For years and years I had the idea of having a blog in the back of my mind, probably something food related (as food is ALWAYS on my mind). But life kinda got in the way. Or my laziness. (Are they the same?)
Then Instagram came along, and suddenly it was so easy to share food related content that even I couldn’t come up with a good reason not to. Except for the fact that my food always gets cold. And my boyfriend sighs a lot. So minor details.
But it turns out, as almost everything in life, easier doesn’t necessarily translate to satisfaction. The whole spirit of Instagram kinda bugs me, actually. Everything feels so poised, so calculated…And who really reads your captions? I don’t follow that many people and it’s hard for me to keep up with daily posts and stories and ads.
So I went back to blogging and this time I decided to join. Mostly because I still love reading through blogs: the little stories, the details, the “letter-feel”. It’s just more wholesome, more complete. It gives me time to breath, to catch up, to feel something.
I didn’t thought too hard or too long about the concept behind this blog. I know I will be sharing and talking about food, in the form of recipes, guides, restaurants, chefs, suggestions, books. Whatever comes to mind. Because I truly believe that food is something that connects us all, that allows for bonding beyond any kind of barrier. And because I need more excuses to keep buying all those cooking books.
The first recipe I’m sharing comes from a chef that I truly cherish, Leonor Sousa Bastos, and I’ve adapted it very slightly. Her blog it’s still one of my go-to places whenever I’m looking for a dessert. This is a gorgeous Tiramisú, that layers a, not too sweet, mascarpone mousse within a water genevoise sponge, soaked with coffee syrup.
I had a lot of trouble taking a good picture of the final result, because when I was about to, something fell on top of my only slice and I had to turn the classic round into a sort of a moon shape. Hence the title (I adore the book)!
It’s a bit of a time consuming labor, but oh so worthy.
Recipe slightly adapted from Flagrante Delícia by Leonor Sousa Bastos.
Water Genevoise Sponge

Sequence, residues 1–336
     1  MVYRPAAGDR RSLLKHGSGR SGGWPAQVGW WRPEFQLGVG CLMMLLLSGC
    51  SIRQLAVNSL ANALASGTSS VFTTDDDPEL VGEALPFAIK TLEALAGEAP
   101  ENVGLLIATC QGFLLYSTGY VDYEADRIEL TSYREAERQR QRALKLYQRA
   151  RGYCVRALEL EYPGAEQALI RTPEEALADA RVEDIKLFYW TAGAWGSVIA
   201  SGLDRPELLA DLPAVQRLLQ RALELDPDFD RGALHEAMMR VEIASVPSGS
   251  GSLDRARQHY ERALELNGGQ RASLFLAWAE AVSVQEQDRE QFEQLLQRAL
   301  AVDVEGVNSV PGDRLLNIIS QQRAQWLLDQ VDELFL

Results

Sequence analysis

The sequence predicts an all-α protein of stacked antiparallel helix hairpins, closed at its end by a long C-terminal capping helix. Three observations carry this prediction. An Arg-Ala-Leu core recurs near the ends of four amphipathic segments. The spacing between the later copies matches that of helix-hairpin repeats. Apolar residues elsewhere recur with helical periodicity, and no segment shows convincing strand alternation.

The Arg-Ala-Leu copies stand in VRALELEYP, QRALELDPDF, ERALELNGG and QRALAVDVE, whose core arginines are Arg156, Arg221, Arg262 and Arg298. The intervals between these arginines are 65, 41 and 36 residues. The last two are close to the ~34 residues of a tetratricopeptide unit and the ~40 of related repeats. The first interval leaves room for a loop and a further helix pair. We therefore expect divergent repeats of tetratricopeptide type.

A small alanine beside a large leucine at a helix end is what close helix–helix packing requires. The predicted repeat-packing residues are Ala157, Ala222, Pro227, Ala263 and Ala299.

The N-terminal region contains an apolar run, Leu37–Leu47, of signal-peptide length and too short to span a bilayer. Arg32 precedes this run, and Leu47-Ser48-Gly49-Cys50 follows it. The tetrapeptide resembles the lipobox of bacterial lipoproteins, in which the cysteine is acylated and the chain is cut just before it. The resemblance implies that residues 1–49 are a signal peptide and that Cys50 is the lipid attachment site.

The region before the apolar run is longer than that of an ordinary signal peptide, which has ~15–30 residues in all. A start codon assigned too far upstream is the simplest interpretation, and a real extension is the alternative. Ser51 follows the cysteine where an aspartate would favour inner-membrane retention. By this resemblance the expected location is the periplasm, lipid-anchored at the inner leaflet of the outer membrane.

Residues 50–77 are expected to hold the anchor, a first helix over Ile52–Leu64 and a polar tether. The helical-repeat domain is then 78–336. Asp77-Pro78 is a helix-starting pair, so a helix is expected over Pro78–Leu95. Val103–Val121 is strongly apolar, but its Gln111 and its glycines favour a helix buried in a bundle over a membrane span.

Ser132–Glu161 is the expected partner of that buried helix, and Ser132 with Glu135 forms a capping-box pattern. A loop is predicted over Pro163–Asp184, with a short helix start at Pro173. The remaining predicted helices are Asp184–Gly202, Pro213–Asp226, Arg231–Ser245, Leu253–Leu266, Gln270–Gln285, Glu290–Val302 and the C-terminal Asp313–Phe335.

80g of egg yolks
170g of egg whites
85g of caster sugar
30ml of water
82,5g self-raising flour (sifted)
4 egg yolks
80g caster sugar
3 gelatin sheets
250g of mascarpone
125g of whipped cream (soft peeks)
300ml of cold strong expresso
10g of port wine/rum
60g of caster sugar
Water Genevoise Sponge
Pre-heat your oven to 240ºC/464F.
Grease and line a 34x41cm baking tray with parchment paper.
Whisk the yolks with half of the sugar and when they are almost done, add the water, little by little.
Whisk the whites with the remaining sugar until they hold sift peeks.
Add the whites to the yolks very softly and then add the sifted flour.
Place on the tray and bake for 10 minutes.
Let it cool down completely.
Soak the gelatine in two tablespoons of warm water.
Whisk the yolks together and then add the gelatine, whisking until it’s all incorporated.
Add the mascarpone a little bit at time, continuing to whisk.
Finally add the whipped cream in three times, folding gently so to not loose volume.
Place in the fridge for around 30 minutes.
Boil the water with the sugar.
Add the expresso and let the mixture cool down.
When cold add the Porto Wine or Rum.
Cut the cake vertically in two halves. Trim the sides if necessary.
Carefully soak the cake with the coffee syrup. You may not need all the syrup, so keep checking (you don’t want it too soaked or it will loose shape).
Sprinkle cocoa powder on one of the halves and spread half of the mousse on top of it.
Place the other half on top of the first half and repeat the process.
Finish off with a thin cocoa powder layer.
Place on the fridge for at least one hour, to set.